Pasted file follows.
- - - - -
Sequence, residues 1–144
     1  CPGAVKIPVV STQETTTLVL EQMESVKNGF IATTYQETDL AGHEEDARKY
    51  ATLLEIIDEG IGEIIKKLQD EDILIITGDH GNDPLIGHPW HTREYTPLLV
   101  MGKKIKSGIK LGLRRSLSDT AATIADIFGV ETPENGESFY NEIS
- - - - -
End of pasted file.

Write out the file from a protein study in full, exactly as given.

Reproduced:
Sequence, residues 1–144
     1  CPGAVKIPVV STQETTTLVL EQMESVKNGF IATTYQETDL AGHEEDARKY
    51  ATLLEIIDEG IGEIIKKLQD EDILIITGDH GNDPLIGHPW HTREYTPLLV
   101  MGKKIKSGIK LGLRRSLSDT AATIADIFGV ETPENGESFY NEIS